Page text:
Other religious groups in Europe were affected by the Crusades, especially the Jews. They suffered the most during the First and Third Crusades. Their religion dictated that they should commit suicide rather than submit to the sacrilege of Christian baptism. Therefore, when attacked by pilgrims in a number of German cities in 1096, mass suicides and mercy killings were common. Similarly, after the coronation of Richard I of England, resentment against the wealth of the Jews resulted in riots and massacres. Also included in Christian feeling was hatred for those they believed murdered Christ, resulting in outbreaks of mindless mob actions of unspeakable atrocity. The Jews were safe as long as they had money to led the European rulers, but lost all protection when that money ran out (mostly because many who borrowed never bothered paying the money back.) After the recapture of Jerusalem many Jews moved to Palestine because the Saracens were far more tolerant of Judaism than the Christians.


The Crusades, then, were more than just campaigns in a Holy War against Islam. Religious fervour was not the only motive and the actual Crusades rarely went according to plan. The initial idea of fighting for Christ’s birth-right gave way to combatting heretical Christians, pagans and “evil” rulers. The sack of Constantinople during the Fourth Crusade has been considered by many scholars the ultimate deviation from the original Crusading ideal. The failure of every Crusade after the First, the frequent degenerations into debauchery and drinking by members of the armies, emphasizes the abyss between the ideal and the reality of the Crusading movement. The inability to inspire commitment and establish a strong unified leadership or the strategy to defeat the Saracens on their own land, plagued each Crusade, dooming them to failure. Had those who organized them learned from previous mistakes, the result might have been different.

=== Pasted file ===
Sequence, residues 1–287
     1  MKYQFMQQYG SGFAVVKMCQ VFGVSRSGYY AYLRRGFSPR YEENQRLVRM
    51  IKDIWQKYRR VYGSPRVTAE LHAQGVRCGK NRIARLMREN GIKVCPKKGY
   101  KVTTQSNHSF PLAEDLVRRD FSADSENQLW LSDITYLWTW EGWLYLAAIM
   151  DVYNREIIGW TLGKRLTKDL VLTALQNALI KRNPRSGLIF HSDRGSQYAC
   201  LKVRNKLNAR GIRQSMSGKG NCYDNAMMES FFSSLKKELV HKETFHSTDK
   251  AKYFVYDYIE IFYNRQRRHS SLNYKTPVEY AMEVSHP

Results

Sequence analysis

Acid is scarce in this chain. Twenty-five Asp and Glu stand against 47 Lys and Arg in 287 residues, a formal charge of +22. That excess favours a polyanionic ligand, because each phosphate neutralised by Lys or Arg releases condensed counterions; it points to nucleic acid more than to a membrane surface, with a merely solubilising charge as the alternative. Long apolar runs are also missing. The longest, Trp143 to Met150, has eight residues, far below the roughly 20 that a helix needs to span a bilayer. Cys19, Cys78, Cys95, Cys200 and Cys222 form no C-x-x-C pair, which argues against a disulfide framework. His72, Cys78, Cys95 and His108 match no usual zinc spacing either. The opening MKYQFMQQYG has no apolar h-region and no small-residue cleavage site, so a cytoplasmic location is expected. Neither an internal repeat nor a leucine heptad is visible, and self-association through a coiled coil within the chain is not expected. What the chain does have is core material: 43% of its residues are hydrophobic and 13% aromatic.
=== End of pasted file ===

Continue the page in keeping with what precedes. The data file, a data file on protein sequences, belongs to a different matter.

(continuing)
1. Mayer, Hans Eberhard. (Translated by John Gillingham) The Crusades. Oxford. Oxford University Press. 1972, p. 135

2. Riley-Smith, Jonathon and Louise. The Crusades – Idea and Reality, 1095-1274. London. Edward Arnold (Publishers) Ltd.. 1981, p. 144

3. Hallam, Elizabeth (Editor). The Plantagenet Encyclopedia. Markham. Penguin Books Canada Ltd.. 1990, p.57

4. Gabrieli, Francesco (Translated from Italian by E.J. Costello) Arab Historians of the Crusades. London. Routledge & Kegan Paul. 1969, 1984, p. 149

Primary Sources

  • Eidelberg, Shlomo (Translator and Editor). The Jews and the Crusaders – The Hebrew Chronicles of the First and Second Crusades. Madison, Wisconsin. The University of Wisconsin Press. 1977
  • Gabrieli, Francesco (Translated from Italian by E.J. Costello) Arab Historians of the Crusades. London. Routledge & Kegan Paul. 1969, 1984
  • Gerald of Wales (Translated by Lewis Thorpe.) The Journey Through Wales/The Description of Wales. Markham. Penguin Books. 1978
  • Joinville and Villehardouin (Translated by MRB Shaw). Chronicles of the Crusades. Markham. Penguin Books. 1963
  • Odo of Deuil (Edited and Translated by Virginia Gingerick Berry) De Profectione Ludovici VII in Orientem – The Journey of Louis VII to the East. Markham. Penguin Books. 1984

Secondary Sources

  • Malcolm Barber. The New Knighthood – A History of the Order of the Temple. Cambridge. Cambridge University Press. 1995 (Canto Edition)
  • Hallam, Elizabeth (Editor). The Plantagenet Encyclopedia. Markham. Penguin Books Canada Ltd.. 1990
  • Mayer, Hans Eberhard (Translated by John Gillingham). The Crusades. Oxford. Oxford University Press. 1972
  • Riley-Smith, Jonathon and Louise. The Crusades – Idea and Reality, 1095-1274. London. Edward Arnold (Publishers) Ltd.. 1981
  • John J. Robinson. Dungeon, Fire and Sword – The Knights Templar in the Crusades. New York. M. Evans & Company, Inc.. 1991

Also visit the following Web sites (very graphics intensive) for more info on the Templars: